paper trail

Emily Gould on Dodie Bellamy’s “The Letters of Mina Harker”; Clive Thompson’s tool for visualizing punctuation style

The punctuation marks of this Paper Trail post, repeated.

The New York Public Library’s Schomburg Center has launched a Black studies digital catalogue called the #SchomburgSyllabus. The catalogue is meant as a reference guide, and covers twenty-seven topics such as Health & Medical Racism, Monuments, Politicians & Elections, Black Feminism, and Writers & Literature.

For the Paris Review, Emily Gould writes about Dodie Bellamy’s The Letters of Mina Harker, which blends Bellamy’s voice with the fictive Dodie’s and the character of Mina Harker. “The overall impression,” Gould writes, “is of a huge box of tangled jewelry dumped out onto the bed, some of it tarnished, some of it obviously fake, but with precious gems mixed in and not always readily apparent. At the time of my first reading, I didn’t have the patience to sift. It had not yet occurred to me that the pile itself could be the treasure.”

The 2021 Nobel Peace Prize has been awarded to two journalists, Maria Ressa and Dmitri A. Muratov in recognition of “their courageous fight for freedom of expression.” Both journalists are founders of independent news outlets in their countries: Ressa co-founded Rappler in the Philippines and Muratov is a founder of Novaya Gazeta in Russia.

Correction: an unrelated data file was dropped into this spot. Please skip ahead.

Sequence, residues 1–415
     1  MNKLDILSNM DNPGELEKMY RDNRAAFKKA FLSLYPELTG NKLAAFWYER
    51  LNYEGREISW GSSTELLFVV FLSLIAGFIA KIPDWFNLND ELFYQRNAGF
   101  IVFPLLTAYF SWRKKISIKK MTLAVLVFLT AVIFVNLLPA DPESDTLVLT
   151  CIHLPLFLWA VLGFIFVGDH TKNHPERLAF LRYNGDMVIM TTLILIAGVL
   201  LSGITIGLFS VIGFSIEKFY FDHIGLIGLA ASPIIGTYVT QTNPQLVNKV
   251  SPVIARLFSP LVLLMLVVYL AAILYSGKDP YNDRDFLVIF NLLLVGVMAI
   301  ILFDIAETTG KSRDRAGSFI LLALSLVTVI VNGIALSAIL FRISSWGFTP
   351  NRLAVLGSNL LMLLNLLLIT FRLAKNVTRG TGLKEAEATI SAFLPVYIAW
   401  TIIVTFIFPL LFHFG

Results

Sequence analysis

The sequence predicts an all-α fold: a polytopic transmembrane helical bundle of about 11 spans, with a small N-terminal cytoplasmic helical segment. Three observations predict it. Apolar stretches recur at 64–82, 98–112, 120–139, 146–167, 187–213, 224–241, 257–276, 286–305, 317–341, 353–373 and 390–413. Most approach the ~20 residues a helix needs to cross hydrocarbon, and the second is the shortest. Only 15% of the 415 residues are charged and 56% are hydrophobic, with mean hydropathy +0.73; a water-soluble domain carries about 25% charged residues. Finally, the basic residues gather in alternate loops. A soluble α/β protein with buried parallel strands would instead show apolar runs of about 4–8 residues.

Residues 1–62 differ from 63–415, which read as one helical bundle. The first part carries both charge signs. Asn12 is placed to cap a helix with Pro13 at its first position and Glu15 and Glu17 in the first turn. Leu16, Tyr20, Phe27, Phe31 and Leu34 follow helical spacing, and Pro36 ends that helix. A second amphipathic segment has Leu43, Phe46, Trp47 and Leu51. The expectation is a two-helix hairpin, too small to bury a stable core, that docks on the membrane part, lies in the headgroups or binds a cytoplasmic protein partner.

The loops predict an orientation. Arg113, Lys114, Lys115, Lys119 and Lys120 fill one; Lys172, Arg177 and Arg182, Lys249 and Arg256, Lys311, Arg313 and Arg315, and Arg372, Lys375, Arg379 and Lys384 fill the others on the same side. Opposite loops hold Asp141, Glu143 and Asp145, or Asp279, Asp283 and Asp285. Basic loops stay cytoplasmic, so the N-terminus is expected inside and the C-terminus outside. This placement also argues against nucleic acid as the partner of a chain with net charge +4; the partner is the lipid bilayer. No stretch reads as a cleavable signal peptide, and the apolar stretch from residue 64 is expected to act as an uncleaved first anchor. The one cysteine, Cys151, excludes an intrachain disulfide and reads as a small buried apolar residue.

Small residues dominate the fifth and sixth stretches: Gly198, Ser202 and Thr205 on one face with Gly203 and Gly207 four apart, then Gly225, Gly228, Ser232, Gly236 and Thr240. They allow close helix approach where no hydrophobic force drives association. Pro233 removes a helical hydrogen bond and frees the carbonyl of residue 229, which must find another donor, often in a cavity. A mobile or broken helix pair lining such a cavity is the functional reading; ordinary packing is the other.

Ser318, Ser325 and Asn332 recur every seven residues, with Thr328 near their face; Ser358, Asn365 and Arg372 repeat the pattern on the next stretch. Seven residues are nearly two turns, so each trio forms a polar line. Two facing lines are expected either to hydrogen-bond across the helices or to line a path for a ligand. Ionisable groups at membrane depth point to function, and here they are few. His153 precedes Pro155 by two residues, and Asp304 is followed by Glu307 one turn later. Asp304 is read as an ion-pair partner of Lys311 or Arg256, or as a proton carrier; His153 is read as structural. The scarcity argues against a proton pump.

Clive Thompson, technology writer and author of Coders: The Making of a New Tribe and the Remaking of the World, has created a tool that strips writing of everything except punctuation as a way to visualize style. Thompson was inspired by Adam J. Calhoun, who in 2016 used code to visualize the punctuation style of novels, noting, for example, the stark difference between Cormac McCarthy’s Blood Meridian and William Faulkner’s Absalom, Absalom! Thompson was curious to examine his own quirks—the evidence shows he has a penchant for lengthy parentheticals that include multiple sentences and exclamation points.

In The Atlantic, Judith Shulevitz reviews a new biography of W. G. Sebald, and considers the ethics of how he used factual source material in his fictions: “Sebald usurped a lot of lives, and he didn’t always ask permission.”

The New Yorker festival concludes this weekend with events featuring Patricia Lockwood, Jon Stewart, Aimee Mann, Letitia James, and contributors to a new anthology, The Matter of Black Lives.